5 November 2001
19 February 2014
18 October 2013
10 October 2013
8 November 2013
30 April 2013
Last week, The Lawyer revealed that Polish firm Wardynski & Partners was to open an office in Brussels, or more precisely sub-let office space from Brick Court Chambers, with which it has an association. Brick Court is one of very few chambers with an international office, and while Matrix Chambers has mooted the possibility of joining forces with other sets in order to finance the launch of a foreign office, most have rejected any such plan as unfeasible.
Most clerks balk at the thought of linkups for fear that it will compromise independence. Brick Court senior clerk Ian Moyler says that it does not prevent chambers accepting instructions from other Polish firms and he would be keen to pursue associations with firms in other EU candidate countries.
An alternative strategy for developing international business is to build a network of door tenants based in exotic jurisdictions. They can spread the message and in return have the kudos of being associated with a leading set at the English bar.
International work is clearly of huge importance to the bar. According to the Office for National Statistics, legal services contributed £1.3bn to the UK's exports in 2000. The bar, according to statistics supplied by Combar, contributed £61m - up almost 100 per cent on the figures from 1995.
Work for international clients can make up as much as 60 per cent of business and commonly accounts for more than 40 per cent. For example, the 15 or so firms in the Cayman Islands represent Wilberforce Chambers' second or third-largest client. The nature of that work, though, is changing.
Arbitrations and advisory work are now the mainstay of an international practice. Court work for international clients is much more likely to be UK-based, but does still happen. One Essex Court's Christopher Carr QC and 4 Stone Buildings' head Philip Heslop QC are currently battling it out in a $400m (£275m) banking dispute in Hong Kong. It could well run until next March, but such work is becoming rare. Singapore is still a wealthy source of arbitrations and advisory work, but the doors of its courts are closed to English advocates. Hong Kong is still open to UK silks with special skills, but anyone who has attempted to market the UK bar over there will know the trouble that even a little drinks soiree can get you into.
For some it is no bad thing. Working overseas takes you out of circulation from other clients and, despite the weather, poses its own problems. On a recent appearance in a Caribbean court one UK counsel had to endure a judge who spent more time discussing lager and women's anatomy than the dispute in issue.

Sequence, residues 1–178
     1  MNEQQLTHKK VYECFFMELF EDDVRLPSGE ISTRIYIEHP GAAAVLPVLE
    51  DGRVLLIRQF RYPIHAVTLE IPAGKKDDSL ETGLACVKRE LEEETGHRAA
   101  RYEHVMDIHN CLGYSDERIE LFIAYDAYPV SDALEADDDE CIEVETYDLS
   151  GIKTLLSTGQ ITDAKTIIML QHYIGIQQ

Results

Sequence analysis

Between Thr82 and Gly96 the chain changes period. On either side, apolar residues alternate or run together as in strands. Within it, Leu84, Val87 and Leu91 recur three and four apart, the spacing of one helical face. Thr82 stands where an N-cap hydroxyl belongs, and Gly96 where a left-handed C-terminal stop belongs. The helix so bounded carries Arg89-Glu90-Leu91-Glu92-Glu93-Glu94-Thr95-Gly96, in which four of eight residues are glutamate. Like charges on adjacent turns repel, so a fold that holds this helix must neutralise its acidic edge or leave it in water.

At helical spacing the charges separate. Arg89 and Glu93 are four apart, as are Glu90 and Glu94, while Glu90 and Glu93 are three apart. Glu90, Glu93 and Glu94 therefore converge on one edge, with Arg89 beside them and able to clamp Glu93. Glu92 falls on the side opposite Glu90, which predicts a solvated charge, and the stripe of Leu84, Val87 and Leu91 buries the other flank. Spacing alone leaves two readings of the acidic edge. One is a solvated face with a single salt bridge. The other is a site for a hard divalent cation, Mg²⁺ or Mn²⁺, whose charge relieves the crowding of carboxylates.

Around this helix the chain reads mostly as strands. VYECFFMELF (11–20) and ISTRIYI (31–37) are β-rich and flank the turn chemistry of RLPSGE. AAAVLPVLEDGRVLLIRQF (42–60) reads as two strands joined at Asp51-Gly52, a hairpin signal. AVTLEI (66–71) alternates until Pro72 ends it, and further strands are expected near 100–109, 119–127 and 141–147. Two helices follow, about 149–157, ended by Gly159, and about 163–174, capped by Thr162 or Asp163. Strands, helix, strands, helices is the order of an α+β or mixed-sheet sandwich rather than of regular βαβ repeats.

Who's who at the commercial bar?
How would you judge which sets lead the way at the commercial bar? An obvious yardstick is financial performance, hence The Lawyer's recent Bar Top 30, which saw One Essex Court regain pole position with a turnover of £27m. Of course, this cannot be the sole arbiter, since it discriminates against smaller sets, which simply do not have the numbers to crank up the figures. Although definitive statistics are not currently available, it is worth noting that the sets, in alphabetical order, that were most visible in the Commercial Court last year are: Brick Court, Essex Court, One Essex Court, 4 Essex Court, Fountain Court and 7 King's Bench Walk. In the next band comes Blackstone, 4 Field Court (soon to be renamed Stone Chambers), Littleton, 4 Pump Court and 3 Verulam Buildings.
The end of confidentiality in the Family Division?
Tomorrow sees the start of a Court of Appeal hearing that could sweep away the culture of secrecy that exists in the Family Courts. The original judgment would allow parties involved in cases dealt with in the Family Division (except for cases involving children) to report on their experience, improving substantially the transparency of this area of the legal system. In giving leave to appeal to the Court of Appeal, Mr Justice Munby said in his judgment: "This is not just because it goes to the daily practice of the Family Division, but much more fundamentally, because it goes to the root of the proper administration of justice and of the rights of litigants to talk in public about what has happened to them in court."